>
> The use of index # came out of logical necessity to extend the system
> along the same lines, so it is a necessity that sprang out of strictly
> employing logical lines of extension, since it is a necessity raised
> within pure logical context, and then it is logical.
>
> The above logical system clearly has the power to interpret second
> order arithmetic!
>
> Actually along the same lines I think every piece of mathematics can
> be said to be interpretable in a logical system.
>
> So logicism seems to be the case for the bulk of traditional
> mathematics, and possibly for any mathematical endeavor?
>
> I don't think the above result comes into conflict with the criterion
> of permutation invariance to decide logical notions, but I'm not sure.
>
> I'd like here to also present this permutation invariance (as how I
> understand it) of a logical notion.
>
> Now a symbol \$ is said to be logical iff the representative set of it
> is invariant under all permutations of the domain of discourse over
> which arguments of \$ range.
>
> The representative set of a symbol goes generally along the following
> lines.
>
> For monadic symbol \$, it is the set of all x such that \$(x) is True.
>
> For any n_adic symbol \$, is the set of all <x1,...,xn> tuples such
> that \$(x1,..,xn) is True.
>
> A permutation over any set is a bijection from that set to that set.
>
> Now if D is the domain of discourse over which all arguments of \$
> range, and if f is a bijection from D to D, then \$ would be called as
> permutation invariant iff for each permutation f on D the set D* of
> all <f(x1),...,f(xn)> tuples where <x1,...,xn> is an element of the
> representative set of \$, is the same set D.
>
> Now this works for all logical connectives, identity, first order
> quantifiers, any n quantifier, even infinite quantifiers, also it
> works for second order quantifiers over predicates that can have
> extensions (non purely intentional predicates).
>
> Now the domain of discourse for any logical connective is the set of
> all "propositions" which are statements that are can either be True or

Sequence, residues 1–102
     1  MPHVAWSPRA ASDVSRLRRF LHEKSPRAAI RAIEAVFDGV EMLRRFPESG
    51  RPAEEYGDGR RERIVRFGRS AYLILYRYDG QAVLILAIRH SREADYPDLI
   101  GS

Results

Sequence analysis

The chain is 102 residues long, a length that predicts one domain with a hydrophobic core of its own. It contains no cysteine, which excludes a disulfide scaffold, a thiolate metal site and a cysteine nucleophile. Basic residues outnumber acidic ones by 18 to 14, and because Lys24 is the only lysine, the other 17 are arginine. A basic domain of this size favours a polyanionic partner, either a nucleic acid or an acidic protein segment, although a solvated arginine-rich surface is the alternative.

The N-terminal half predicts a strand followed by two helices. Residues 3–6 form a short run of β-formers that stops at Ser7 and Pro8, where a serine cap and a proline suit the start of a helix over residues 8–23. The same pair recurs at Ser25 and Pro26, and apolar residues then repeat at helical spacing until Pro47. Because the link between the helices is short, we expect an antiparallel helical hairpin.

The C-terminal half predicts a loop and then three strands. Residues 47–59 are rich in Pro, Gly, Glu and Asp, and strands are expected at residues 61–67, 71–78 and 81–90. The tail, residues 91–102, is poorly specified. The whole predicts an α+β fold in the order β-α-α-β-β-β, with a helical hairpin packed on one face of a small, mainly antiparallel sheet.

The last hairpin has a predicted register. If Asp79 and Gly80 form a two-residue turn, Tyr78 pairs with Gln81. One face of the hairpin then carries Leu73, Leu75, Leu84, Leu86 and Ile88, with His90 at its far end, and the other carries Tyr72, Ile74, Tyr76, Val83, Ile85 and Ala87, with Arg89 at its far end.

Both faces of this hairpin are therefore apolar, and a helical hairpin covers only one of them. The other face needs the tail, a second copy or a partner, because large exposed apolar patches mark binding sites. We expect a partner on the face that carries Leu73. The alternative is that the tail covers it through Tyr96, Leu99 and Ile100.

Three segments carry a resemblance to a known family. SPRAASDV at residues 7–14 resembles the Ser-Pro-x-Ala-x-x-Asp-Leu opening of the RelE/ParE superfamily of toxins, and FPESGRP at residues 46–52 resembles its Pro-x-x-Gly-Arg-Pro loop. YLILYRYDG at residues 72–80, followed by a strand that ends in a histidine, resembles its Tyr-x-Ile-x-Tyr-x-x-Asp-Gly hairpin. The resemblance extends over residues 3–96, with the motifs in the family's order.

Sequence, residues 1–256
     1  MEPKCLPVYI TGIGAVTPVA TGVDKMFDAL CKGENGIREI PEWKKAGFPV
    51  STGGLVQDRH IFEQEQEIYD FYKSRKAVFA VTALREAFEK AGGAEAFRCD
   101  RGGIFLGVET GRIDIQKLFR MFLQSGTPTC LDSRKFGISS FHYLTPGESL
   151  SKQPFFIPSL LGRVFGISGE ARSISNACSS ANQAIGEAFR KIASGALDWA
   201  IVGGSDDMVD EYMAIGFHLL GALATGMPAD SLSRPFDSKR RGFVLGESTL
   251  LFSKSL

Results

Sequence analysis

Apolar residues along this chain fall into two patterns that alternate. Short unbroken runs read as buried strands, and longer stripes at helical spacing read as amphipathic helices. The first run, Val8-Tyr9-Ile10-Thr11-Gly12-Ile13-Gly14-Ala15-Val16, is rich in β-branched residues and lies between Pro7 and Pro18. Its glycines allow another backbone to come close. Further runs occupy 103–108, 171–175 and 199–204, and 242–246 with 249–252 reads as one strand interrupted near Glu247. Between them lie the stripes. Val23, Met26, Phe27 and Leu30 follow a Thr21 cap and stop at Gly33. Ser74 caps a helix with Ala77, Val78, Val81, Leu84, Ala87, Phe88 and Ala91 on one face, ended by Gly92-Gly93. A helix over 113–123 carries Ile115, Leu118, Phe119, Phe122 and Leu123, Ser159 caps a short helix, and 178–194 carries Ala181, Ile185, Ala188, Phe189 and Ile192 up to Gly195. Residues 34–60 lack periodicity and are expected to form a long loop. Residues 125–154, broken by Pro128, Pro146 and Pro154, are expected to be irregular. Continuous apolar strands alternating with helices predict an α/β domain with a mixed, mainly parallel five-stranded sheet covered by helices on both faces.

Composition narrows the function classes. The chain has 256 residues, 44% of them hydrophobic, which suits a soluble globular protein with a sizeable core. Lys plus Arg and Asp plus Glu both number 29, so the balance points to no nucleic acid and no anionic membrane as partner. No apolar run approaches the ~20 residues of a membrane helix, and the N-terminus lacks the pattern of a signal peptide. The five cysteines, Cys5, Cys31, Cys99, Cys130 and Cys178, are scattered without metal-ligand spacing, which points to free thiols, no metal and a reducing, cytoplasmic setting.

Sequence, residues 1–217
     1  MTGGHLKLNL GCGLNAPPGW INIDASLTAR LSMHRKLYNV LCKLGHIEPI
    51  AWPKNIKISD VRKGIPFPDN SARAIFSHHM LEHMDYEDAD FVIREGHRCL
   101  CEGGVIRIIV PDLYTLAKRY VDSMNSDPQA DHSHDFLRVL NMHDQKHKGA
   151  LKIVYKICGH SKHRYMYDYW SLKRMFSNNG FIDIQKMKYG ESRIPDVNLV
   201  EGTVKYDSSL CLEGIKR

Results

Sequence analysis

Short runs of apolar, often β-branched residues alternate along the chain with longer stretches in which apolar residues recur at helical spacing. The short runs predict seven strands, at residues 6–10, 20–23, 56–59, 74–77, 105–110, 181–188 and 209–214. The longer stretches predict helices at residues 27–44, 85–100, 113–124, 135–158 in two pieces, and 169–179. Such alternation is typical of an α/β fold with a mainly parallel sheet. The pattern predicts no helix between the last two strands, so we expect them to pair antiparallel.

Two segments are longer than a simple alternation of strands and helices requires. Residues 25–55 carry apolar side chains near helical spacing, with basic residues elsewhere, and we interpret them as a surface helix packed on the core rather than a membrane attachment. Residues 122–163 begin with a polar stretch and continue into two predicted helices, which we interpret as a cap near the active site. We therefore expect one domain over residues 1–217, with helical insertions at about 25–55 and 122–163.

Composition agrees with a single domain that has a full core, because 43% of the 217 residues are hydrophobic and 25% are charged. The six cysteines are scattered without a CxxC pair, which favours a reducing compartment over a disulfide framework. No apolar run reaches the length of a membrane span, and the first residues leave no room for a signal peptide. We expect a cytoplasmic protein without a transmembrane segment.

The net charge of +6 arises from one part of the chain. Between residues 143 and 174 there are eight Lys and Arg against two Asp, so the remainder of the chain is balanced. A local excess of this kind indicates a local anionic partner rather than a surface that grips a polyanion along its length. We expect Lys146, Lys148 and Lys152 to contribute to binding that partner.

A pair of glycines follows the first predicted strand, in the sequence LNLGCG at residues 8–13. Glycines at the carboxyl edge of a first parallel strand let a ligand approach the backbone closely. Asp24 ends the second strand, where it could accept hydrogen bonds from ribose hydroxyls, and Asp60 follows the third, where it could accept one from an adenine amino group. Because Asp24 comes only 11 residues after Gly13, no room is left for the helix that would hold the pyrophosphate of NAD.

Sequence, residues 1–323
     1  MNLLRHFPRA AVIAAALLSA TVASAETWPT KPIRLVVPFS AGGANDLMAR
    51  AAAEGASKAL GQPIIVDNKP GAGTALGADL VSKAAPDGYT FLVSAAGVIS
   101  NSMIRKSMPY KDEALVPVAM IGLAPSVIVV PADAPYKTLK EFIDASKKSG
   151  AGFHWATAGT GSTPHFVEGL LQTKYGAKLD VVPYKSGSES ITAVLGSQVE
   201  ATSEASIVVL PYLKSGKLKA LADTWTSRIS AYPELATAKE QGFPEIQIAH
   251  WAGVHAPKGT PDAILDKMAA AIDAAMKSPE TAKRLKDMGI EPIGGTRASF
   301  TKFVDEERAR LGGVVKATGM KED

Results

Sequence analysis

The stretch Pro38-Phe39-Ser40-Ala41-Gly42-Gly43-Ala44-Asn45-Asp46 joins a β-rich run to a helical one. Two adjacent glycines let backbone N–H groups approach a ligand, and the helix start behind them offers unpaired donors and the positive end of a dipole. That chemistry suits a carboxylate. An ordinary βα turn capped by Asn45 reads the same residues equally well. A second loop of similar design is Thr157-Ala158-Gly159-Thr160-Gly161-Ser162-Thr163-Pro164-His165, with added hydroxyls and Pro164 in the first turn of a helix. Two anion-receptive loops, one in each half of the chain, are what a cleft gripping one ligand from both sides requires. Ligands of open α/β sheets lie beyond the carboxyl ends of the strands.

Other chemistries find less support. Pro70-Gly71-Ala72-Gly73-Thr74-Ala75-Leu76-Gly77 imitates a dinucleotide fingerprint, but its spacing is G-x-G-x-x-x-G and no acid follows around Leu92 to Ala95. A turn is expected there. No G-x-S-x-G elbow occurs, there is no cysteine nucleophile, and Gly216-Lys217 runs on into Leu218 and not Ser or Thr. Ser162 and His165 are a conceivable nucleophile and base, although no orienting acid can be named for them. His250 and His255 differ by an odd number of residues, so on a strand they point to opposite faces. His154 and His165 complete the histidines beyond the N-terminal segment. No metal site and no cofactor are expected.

> False.
> Permutations can be carried over all "atomic" sentences of the
> propositional discourse since that will enact permutations on non-
> atomic sentences as well. And those are easily seen to be invariant.
>
> Identity is a clearly invariant relation.
>
> The universal quantifier is a symbol linking an object to a
> proposition, so its representative set would be the set of all
> <x,phi(x)> of course phi is fixed, but x would be any object, phi is
> of course true for every x. Now this is invariant under all
> replacements of x (notice that phi is Constant formula raning over ONE
> value, so it is only replaced by itself!)
>
> This criterion (as displayed here) is a nice criterion to separate
> logical from non-logical constants. However it doesn't speak a lot
> about what meta-logical symbols are allowed in formulas (like whether
> the symbol #  above is allowed or not), although it allows the meta-
> logical symbol omega in infinitary logic which it grants as logic.
>
> Anyhow I really prefer naive natural extensions of logical systems as
> a generating stream of logical systems, yet the above criterion might
> be needed to settle the final demarcation of logic from other
> disciplines.
>
> Whether this is of importance or not, is something that the future
> would determine. Arguable reasoning about naively extending logical
> systems in the genre displayed above seem to be a "limited" kind of
> reasoning, so if just from that reasoning all mathematics can be
> derived then it is worthwhile promoting logicism. However still for
> interpreting mathematics in those systems one needs to negotiate
> thoughts about 'structures' i.e. some contentfull thoughts that
> mathematics is seem commonly to be about, since the logical motivation
> is too general for negotiating those particular thoughts, anyhow
> seeing that there is a logical mainframe within which those thoughts
> can be carried out is without any doubt helpful in guiding
> contemplations about those thoughts themselves. So I think logicism is
> important in providing logical guidance and of course as being an
> arbiter for mathematical thought.
>
> Zuhair

#1 Don't try to define math in terms of math. Besides being circular
reasoning, you are simply taking a subset of math, isolating and
formalizing it. Define math in informal non-mathematical terms.

# 2. Know what level of abstraction you are at. Don't define science,
or communicating. Talking about strings of symbols being generated
above sounds like a model of communicating, the wrong level of
abstraction.

# 3. And this is especially for you Zuhair: State exactly the goal,
and then the approach before you are formal at all. Getting into
formalizing without a clear idea of how you are going to approach/
solve your problem/goal is like programmers who write software without
specifications (never mind technical design) or programming language
committees who require all proposals to be in the form of actual
constructs and syntax, rather than goals, approaches, and then
formalization. Or like talking about (YOU) formalizing a resolution
to the liar paradox without having a clear idea (or any idea) how you
intend to resolve it. You generate solutions after you build an
axiomatic system, not before.

C-B

Date Subject Author
6/15/13 Zaljohar@gmail.com
6/15/13 Charlie-Boo
6/15/13 Zaljohar@gmail.com
6/15/13 Zaljohar@gmail.com
6/15/13 Brian Q. Hutchings